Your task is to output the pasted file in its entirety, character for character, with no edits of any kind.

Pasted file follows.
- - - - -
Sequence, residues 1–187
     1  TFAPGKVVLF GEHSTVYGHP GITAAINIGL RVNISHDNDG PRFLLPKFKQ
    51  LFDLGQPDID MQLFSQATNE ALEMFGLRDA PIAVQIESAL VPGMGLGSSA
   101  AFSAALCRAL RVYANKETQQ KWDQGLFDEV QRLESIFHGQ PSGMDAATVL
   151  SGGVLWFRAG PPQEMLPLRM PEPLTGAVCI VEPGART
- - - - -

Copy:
Sequence, residues 1–187
     1  TFAPGKVVLF GEHSTVYGHP GITAAINIGL RVNISHDNDG PRFLLPKFKQ
    51  LFDLGQPDID MQLFSQATNE ALEMFGLRDA PIAVQIESAL VPGMGLGSSA
   101  AFSAALCRAL RVYANKETQQ KWDQGLFDEV QRLESIFHGQ PSGMDAATVL
   151  SGGVLWFRAG PPQEMLPLRM PEPLTGAVCI VEPGART